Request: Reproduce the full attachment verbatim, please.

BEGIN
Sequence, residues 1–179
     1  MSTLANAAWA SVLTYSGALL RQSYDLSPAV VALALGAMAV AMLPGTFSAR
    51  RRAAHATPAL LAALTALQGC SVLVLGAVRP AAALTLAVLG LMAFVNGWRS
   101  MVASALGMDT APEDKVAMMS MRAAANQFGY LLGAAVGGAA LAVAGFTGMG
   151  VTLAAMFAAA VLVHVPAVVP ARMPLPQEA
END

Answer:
Sequence, residues 1–179
     1  MSTLANAAWA SVLTYSGALL RQSYDLSPAV VALALGAMAV AMLPGTFSAR
    51  RRAAHATPAL LAALTALQGC SVLVLGAVRP AAALTLAVLG LMAFVNGWRS
   101  MVASALGMDT APEDKVAMMS MRAAANQFGY LLGAAVGGAA LAVAGFTGMG
   151  VTLAAMFAAA VLVHVPAVVP ARMPLPQEA